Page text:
Something else about the Aristotle footnote troubled Darwin long after the fourth edition of Origin had found its way into the bookshops.
He could not see how anyone in ancient Greece, even the great philosopher, could have foreseen natural selection. There were no microscopes and so no way of studying single-celled organisms. There were no taxonomic theories to work with or against, so there was no way of understanding the various families of animals or the relationship between the plant and animal kingdoms. There were no systematic anatomical or dissection methods and no way of preserving body parts during examination. There were no studies of the effects of plague or population statistics. No libraries. Surely there were only superstition and sacrifice and vengeful gods and the relentless Greek sun turning everything black and fly-infested. How was it possible?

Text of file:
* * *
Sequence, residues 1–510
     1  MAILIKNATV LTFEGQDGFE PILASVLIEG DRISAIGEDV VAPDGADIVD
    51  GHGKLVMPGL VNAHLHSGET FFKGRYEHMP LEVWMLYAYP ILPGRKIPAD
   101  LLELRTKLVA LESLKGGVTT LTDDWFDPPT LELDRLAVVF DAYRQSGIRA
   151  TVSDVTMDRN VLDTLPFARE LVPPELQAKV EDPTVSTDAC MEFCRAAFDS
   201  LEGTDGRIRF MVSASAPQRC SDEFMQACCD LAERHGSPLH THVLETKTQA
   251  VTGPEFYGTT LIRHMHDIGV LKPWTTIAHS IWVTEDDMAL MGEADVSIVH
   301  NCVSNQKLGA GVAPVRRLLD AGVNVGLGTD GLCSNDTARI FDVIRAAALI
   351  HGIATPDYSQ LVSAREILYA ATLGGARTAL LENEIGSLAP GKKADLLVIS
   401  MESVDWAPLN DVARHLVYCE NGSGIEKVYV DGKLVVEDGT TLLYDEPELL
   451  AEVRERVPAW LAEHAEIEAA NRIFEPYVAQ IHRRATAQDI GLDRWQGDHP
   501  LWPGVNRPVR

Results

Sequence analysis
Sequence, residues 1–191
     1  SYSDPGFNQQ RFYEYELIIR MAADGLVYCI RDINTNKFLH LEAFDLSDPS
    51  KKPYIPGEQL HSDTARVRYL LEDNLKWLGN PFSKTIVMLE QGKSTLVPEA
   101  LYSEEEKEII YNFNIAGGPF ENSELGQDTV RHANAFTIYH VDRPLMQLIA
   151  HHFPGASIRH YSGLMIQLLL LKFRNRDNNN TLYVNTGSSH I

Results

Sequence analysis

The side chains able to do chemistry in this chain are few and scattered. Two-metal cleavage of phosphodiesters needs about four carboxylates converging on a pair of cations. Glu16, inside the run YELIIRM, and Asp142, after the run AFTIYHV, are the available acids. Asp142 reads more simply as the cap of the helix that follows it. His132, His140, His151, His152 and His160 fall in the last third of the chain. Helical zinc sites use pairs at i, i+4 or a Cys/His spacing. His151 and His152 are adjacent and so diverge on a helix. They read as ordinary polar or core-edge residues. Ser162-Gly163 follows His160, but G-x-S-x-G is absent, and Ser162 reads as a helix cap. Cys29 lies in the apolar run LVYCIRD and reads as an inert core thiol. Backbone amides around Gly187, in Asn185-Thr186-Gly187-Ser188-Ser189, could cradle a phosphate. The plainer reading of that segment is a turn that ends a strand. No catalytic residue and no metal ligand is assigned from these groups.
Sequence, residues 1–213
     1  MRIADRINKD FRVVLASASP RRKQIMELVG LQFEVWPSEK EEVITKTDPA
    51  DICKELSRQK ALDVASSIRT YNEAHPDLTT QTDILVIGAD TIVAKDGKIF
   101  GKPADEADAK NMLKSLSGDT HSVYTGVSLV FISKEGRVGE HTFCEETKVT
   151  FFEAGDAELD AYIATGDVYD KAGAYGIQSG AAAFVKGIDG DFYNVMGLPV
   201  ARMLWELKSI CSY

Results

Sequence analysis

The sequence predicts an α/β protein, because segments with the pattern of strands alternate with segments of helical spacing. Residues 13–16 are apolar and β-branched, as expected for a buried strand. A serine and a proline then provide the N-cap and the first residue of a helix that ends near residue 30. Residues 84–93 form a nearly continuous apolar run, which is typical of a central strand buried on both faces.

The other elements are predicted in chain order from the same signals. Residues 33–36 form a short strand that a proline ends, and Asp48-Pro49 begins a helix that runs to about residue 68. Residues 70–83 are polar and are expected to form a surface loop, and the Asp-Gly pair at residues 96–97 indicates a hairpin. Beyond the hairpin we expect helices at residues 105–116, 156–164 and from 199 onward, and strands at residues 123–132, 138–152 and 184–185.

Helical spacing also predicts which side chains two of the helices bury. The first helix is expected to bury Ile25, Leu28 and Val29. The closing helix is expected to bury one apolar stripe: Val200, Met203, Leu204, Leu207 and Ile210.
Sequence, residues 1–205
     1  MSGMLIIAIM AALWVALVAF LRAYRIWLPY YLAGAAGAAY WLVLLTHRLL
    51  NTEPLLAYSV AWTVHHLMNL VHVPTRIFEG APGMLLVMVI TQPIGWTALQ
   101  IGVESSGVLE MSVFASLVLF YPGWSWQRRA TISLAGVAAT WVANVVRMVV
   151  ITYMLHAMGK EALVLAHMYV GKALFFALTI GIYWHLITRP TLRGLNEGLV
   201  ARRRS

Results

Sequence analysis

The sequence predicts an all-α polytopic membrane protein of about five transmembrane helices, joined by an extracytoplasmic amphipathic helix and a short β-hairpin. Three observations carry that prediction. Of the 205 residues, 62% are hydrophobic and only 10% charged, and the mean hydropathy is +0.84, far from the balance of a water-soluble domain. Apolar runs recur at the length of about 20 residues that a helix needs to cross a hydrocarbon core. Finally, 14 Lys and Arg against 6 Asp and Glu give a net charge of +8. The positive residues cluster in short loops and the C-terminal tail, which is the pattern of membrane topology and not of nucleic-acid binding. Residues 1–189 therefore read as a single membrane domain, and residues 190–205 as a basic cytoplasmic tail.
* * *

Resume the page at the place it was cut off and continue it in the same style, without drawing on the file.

Excerpted from Darwin's Ghosts by Rebecca Stott. Copyright © 2012 by Rebecca Stott. Excerpted by permission of Spiegel & Grau, a division of Random House, Inc. All rights reserved. No part of this excerpt may be reproduced or reprinted without permission in writing from the publisher.
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No Man's Land
by Simon Tolkien
Inspired by the experiences of his grandfather, J. R. R. Tolkien, during World War I.
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